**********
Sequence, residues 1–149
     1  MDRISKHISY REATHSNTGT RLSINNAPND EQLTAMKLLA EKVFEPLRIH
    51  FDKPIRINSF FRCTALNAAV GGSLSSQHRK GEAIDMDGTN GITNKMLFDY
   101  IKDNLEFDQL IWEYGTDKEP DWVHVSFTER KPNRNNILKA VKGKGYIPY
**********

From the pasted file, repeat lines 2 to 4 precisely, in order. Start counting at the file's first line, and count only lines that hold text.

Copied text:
     1  MDRISKHISY REATHSNTGT RLSINNAPND EQLTAMKLLA EKVFEPLRIH
    51  FDKPIRINSF FRCTALNAAV GGSLSSQHRK GEAIDMDGTN GITNKMLFDY
   101  IKDNLEFDQL IWEYGTDKEP DWVHVSFTER KPNRNNILKA VKGKGYIPY